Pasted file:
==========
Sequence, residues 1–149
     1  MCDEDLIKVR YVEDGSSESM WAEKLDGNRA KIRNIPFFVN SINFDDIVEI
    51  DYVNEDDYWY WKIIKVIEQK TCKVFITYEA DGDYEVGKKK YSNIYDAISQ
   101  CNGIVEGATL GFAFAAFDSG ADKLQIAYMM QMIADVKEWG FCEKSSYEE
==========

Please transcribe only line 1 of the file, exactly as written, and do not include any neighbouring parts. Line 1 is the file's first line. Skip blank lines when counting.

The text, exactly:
Sequence, residues 1–149